Dying for Christ…Real Persecution; Standing Up for the Church.

In one of the more amazing moments of the ultra liberal MSNBC’s recent broadcast history, Chris Matthews was reporting on the conflict between the Obamacare HHS Mandate that Catholics will have to fund abortion and contraception against their conscience or be fined out of existence as a legal institution when it dawned on him that there was a stark choice to be made.  The teaching that many of us learned as children, that we would choose conscience over compromise, even if it meant suffering or death, arose from some primal Catholic place in Mr. Matthews and he said clearly that Catholics could never choose to cooperate with the Mandate, no matter what.  He has not repeated that opinion to my knowledge, nor do I wait or watch for it to happen. Even Chris has editors and producers to whom he must answer.  But it was striking to see the instinct to stand up for the faith even in somebody who so often sides against the Catholic position on these matters. The frontal assault which the Church is facing from an aggressive and dismissive Obama administration stirred in him the stuff of Christian martyrdom.

Persecution and martyrdom was once thought of as ancient tales from Butler’s Lives of the Saints, often fraught with historically dubious details, cleansed of the ambiguities of the real situation.  Today, as the world has drawn smaller through the internet and photos and videos of every activity, we see that persecution and martyrdom are a part of being a Catholic.  Voting well in the Catholic interest is no parlor game!  Real lives, real schools, real hospital care, real adoption agencies and real bishops, priests and laymen and women are immediately affected by the type of regime under which they live.

The fact is that Catholics have been out of favor through history more than they have been in favor. Persecution, force and demands of compromised conscience have not been so rare.  We see it today around the world. Churches are bombed in Egypt and Nigeria.  Kenya has seen increased attacks on Christians.  In Somalia, the world watches as a heroic mother refuses to renounce her faith in Jesus Christ and hopes to escape a death sentence after her child is born in prison.  Iraqi Christians have been on the run and some are facing likely death and terror as ISIS sweeps across that broken nation, machine-gunning the populace for whom they have no use.  Read here of the lives of those Christians:  http://www.thedailybeast.com/articles/2014/06/22/the-tragic-exodus-of-iraq-s-christians.html

The popes have noted that martyrdom, even of non-Catholic Christians who have died for Jesus Christ, binds us together more closely.  Some have seen the ecumenism of the last sixty years as a direct result of the suffering of Christians, Roman Catholic, Russian Orthodox and Protestant, during the grinding years of the holocaust and battles of the Second World War.  St. John Paul the Great wrote: “Meditation on the tragic vicissitudes of our century allows us to see that «at the end of the second millennium the Church has once again become the Church of martyrs. The persecutions of believers – priests, Religious and laity – has caused a great sowing of martyrdom in different parts of the world» and to say that «Witness to Christ, borne even to the shedding of blood, has become a common inheritance of Catholics, Orthodox, Anglicans and Protestants, as Pope Paul VI pointed out in his homily for the Canonisation of the Ugandan Martyrs» (ibid.).”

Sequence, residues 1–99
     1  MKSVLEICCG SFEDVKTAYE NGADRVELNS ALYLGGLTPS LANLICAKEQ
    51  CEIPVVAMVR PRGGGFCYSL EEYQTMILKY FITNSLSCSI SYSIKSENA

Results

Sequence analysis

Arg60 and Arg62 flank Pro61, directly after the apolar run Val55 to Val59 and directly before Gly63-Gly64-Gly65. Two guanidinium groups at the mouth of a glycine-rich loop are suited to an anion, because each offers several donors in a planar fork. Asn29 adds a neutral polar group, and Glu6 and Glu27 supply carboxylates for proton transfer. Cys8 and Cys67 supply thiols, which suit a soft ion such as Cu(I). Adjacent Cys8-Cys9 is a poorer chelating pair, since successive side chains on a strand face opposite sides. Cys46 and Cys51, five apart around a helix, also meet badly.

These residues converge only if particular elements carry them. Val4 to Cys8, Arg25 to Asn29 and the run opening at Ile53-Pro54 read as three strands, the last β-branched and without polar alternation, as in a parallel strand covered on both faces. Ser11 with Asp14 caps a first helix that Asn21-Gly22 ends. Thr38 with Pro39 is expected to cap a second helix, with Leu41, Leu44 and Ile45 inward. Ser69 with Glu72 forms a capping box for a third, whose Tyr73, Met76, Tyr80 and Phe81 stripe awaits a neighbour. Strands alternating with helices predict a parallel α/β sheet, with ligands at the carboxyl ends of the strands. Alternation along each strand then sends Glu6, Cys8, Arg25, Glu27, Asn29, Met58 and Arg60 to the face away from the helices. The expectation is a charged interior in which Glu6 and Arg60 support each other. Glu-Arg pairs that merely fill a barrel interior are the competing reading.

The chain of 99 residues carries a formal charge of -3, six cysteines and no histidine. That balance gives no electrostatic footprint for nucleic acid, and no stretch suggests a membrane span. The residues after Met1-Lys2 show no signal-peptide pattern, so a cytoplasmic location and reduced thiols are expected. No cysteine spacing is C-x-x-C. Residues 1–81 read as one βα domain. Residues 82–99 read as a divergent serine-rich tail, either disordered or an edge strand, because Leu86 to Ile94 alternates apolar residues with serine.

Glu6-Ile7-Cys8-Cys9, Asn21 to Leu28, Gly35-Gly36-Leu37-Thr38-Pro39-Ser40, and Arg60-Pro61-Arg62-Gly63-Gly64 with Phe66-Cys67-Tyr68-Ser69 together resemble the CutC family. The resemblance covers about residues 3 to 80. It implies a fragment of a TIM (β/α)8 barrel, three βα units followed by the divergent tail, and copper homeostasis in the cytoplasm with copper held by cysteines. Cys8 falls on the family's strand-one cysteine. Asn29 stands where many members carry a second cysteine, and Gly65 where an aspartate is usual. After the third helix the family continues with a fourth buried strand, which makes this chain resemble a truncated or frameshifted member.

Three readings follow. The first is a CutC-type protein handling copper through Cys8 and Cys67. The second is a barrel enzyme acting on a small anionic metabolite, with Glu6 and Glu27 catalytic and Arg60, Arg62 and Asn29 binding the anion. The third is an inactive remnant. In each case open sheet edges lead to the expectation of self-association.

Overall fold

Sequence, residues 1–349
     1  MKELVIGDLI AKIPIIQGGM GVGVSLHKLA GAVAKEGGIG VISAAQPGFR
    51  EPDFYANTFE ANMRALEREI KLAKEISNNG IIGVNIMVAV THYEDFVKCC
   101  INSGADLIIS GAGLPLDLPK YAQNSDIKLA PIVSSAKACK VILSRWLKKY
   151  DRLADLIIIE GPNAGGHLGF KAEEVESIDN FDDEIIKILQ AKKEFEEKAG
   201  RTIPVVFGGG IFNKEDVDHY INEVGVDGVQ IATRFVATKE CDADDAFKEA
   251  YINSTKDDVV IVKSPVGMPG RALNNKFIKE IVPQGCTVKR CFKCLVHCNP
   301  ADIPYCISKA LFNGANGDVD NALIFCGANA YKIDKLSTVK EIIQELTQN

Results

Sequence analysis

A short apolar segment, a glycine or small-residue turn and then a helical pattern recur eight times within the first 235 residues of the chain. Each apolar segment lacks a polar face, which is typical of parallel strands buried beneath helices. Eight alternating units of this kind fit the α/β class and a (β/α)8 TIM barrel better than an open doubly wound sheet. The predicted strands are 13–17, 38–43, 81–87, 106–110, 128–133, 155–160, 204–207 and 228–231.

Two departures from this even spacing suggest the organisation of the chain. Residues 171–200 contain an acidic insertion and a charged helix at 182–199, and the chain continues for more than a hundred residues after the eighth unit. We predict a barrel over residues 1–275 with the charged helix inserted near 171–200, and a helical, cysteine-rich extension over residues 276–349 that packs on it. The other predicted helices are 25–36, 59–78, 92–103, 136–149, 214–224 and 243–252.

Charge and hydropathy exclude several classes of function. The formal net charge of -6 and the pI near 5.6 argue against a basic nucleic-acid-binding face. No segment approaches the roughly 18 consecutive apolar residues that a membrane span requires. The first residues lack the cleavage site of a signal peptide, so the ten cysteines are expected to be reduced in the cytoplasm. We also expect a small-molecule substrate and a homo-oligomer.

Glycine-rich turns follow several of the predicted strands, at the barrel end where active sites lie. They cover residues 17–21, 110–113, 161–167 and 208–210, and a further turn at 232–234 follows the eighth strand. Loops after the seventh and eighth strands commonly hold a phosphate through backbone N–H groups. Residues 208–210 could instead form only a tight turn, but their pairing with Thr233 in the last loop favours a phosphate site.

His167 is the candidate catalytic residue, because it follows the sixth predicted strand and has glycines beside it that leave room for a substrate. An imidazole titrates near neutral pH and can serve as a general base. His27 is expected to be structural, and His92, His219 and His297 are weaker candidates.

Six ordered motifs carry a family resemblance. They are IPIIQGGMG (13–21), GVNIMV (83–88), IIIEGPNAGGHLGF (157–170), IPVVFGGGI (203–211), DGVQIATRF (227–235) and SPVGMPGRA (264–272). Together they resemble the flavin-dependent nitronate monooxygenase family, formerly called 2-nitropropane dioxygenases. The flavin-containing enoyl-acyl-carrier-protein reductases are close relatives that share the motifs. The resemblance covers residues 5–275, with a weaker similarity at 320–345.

“Following on from this thought, the Holy Father continues: «The greatest homage which all the Churches can give to Christ on the threshold of the third millennium will be to manifest the Redeemer’s all-powerful presence through the fruits of faith, hope and charity present in men and women of many different tongues and races who have followed Christ in the various forms of the Christian vocation»”  More here:  http://www.vatican.va/jubilee_2000/magazine/documents/ju_mag_01031997_p-56_en.html

Without declaring the Obama administration The Beast, it is realistic to understand that the secularism which it represents as well as the radical Islamic jihad which it seems to favor politically is making real martyrs of real Christians, Catholic and non-Catholic.  The degrees of persecution vary.  The responses are not all heroic, although many are.  The cooperation of Christians with the evil that besets the faith varies as well, but just as the consequences struck Chris Matthews in an unguarded moment on air, it is the task of Catholics for Ohio to rally voters to the best interests of the Church in order to preserve the harmony between Church and state wherever and whenever possible.

Follow Evangelical and Protestant struggles here:  https://www.persecution.com/public/aboutVOM.aspx?clickfrom=%3d6d61696e5f6d656e75  The Vatican lists martyrs of the 20th and 21st century, updating the list annually.  While martyrdom is a glorious witness to the gift of life that Jesus himself gave, it is not something to be invited or wished upon our families or friends.  St. Paul expresses ambiguity about whether it is better to be martyred or to stay and work as an Apostle.  Famously St. Ignatius of Antioch pleaded with his followers not to interfere with his martyrdom in Rome in the second century.  But there is so much suffering and destruction involved with real persecution, it is hard to embrace it.  If it comes, it come.  But stand up for your Church while you can and ask that we be spared the trial.



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